MammAlive’s Environmental Tips for Breast Health


The picture above is part of a mural entitled, Who Holds the Mirror? Breast Cancer, Women’s Lives and the Environment, conceived by U.S. activist educator Beth Sauerhaft. The 10-by-12 foot painting converges into the image of a single breast. The mural asks us, “When we confront breast cancer, our lives, and our environment, what do we see?”

Sauerhaft founded The Breast Cancer Oral History Action Project (BCOHAP) based in the San Francisco Bay Area to gather stories about women’s experiences with breast cancer. The multilingual stories were then illustrated by muralist Miranda Bergman: “I took the ideas and images they wanted and came up with the design of a single breast to hold all of them together.” You can learn more here

Create a Safer Environment for Yourself and Your Family

The guidelines below will help you to create a safer environment for yourself, your family, community and future generations. Do what you can and help others to do the same.

1. Read the labels of personal care products, taking care to avoid phthalates and parabens. Phthalates and parabens are endocrine disrupting compounds that have been associated with cancer, impaired fertility, and male birth defects. They are found in shampoo, hairspray, nail polish, lotion, perfume, and cosmetics. The most common phthalates are dibutyl phthalate (DBP), diethyl phthalate (DEP), and diethylhexyl phthalate (DEHP). Avoid cosmetics with synthetic fragrances, which include most perfumes. Use essential oils instead. Parabens are preservatives added to cosmetics, including butyl paraben, ethyl paraben, methyl paraben, and propyl paraben. Look for labels that say “phthalate and paraben-free”.

2. Avoid artificial air fresheners and other scented products. “Scent” or “fragrance” as an ingredient often signifies the presence of phthalates, which are endocrine disrupting compounds, as well as other irritating chemicals. Opt for fragrance-free products whenever possible. Choose beeswax and organic candles, which emit fewer toxins than candles made from paraffin. Select candles with cotton wicks rather than metal core wicks, which often contain lead.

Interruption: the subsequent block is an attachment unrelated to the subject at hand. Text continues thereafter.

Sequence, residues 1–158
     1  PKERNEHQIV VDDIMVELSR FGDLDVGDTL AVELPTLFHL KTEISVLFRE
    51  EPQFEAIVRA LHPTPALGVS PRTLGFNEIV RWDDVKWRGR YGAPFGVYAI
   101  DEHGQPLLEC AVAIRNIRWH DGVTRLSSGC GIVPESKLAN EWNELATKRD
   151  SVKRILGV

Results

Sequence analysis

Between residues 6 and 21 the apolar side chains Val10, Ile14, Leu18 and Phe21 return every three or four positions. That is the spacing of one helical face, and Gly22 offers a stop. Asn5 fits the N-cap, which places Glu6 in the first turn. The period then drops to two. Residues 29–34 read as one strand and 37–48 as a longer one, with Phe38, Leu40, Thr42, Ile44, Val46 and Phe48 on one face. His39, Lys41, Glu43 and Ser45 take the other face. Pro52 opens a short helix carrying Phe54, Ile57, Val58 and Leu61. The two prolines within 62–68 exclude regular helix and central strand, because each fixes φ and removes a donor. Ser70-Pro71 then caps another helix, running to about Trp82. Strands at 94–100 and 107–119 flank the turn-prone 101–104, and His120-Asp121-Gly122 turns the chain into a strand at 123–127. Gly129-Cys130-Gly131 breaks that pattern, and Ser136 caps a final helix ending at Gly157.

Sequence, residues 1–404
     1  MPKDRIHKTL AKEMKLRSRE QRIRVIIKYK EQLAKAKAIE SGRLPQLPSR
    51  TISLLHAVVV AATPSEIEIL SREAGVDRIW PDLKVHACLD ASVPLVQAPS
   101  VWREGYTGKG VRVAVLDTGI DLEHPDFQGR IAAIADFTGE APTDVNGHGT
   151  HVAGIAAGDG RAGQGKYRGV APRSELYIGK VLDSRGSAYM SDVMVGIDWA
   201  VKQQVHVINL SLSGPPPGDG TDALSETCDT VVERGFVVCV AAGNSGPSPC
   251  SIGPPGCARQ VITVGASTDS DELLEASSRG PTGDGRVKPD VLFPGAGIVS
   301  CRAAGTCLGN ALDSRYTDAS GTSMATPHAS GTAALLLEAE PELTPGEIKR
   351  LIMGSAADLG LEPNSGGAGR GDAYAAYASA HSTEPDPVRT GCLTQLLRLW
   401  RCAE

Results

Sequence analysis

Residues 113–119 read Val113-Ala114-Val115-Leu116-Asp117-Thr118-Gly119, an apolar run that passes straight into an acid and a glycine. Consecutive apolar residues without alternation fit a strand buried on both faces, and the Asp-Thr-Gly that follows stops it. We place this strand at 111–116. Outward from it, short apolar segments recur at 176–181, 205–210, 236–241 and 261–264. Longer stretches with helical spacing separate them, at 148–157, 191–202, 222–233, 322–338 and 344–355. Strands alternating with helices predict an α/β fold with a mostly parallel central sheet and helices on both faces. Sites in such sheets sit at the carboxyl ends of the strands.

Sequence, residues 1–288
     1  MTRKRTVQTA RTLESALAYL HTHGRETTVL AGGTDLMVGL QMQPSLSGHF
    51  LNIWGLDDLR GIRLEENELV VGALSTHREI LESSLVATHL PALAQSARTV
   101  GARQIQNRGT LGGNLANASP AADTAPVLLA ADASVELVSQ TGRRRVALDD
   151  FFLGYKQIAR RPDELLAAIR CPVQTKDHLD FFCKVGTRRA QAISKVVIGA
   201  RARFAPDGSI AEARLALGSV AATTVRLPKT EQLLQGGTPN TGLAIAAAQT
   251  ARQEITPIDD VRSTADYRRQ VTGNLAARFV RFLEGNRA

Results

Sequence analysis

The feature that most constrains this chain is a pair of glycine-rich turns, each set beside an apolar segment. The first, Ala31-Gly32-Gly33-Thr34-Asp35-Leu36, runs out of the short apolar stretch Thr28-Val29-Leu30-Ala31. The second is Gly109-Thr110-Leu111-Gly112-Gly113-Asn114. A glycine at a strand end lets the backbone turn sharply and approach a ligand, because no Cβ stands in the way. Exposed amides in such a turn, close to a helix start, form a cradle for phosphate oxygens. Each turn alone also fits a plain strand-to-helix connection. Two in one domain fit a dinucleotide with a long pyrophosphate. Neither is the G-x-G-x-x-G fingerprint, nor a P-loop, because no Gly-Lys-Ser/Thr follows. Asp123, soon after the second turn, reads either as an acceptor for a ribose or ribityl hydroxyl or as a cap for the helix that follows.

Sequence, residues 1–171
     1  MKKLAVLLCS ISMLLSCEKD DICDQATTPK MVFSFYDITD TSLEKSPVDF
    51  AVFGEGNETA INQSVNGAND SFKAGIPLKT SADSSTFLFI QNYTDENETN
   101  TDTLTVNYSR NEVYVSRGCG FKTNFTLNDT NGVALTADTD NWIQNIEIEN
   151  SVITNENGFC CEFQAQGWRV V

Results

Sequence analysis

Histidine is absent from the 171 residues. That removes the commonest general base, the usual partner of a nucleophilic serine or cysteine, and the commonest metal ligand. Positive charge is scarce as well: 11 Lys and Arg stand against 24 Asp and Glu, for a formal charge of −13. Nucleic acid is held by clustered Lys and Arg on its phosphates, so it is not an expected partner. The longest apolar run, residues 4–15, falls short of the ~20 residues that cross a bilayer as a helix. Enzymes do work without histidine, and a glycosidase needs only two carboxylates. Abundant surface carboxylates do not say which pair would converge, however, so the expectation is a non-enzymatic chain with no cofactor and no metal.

3. Store acidic, oily or liquid food in glass, stainless steel or lead-free ceramic containers rather than plastic ones. Acidity, oil and liquid in food absorbs chemicals, including bisphenol A, that leach from the plastic.

4. Purchase organic foods whenever possible. Many pesticides act as endocrine disruptors and affect brain development, reproductive health and neurological function in humans. Buy organic as often as possible to reduce your family’s exposure to these toxins. Avoid fish – it contains high amounts of mercury and PCBs.  Reduce or eliminate your intake of animal protein which concentrates chemicals.

5. Use pots and pans that are steel clad, enamelled, cast iron, and avoid non-stick coatings. Avoid perfluorooctanoic acid, or PFOA, a chemical used in manufacturing Teflon™ (as well as Gortex™, Scotchguard™, and other non-stick and stain-resistant coatings). PFOA has been linked to cancer and birth defects in animals. Also avoid aluminum, as it mimics estrogen.

6. Use a solid-carbon-block water filter on your kitchen faucet to filter drinking and cooking water. This step is important if your tap water is chlorinated or may be polluted by agricultural chemicals or wastewater, such as from an upstream sewage treatment plant, or septic systems.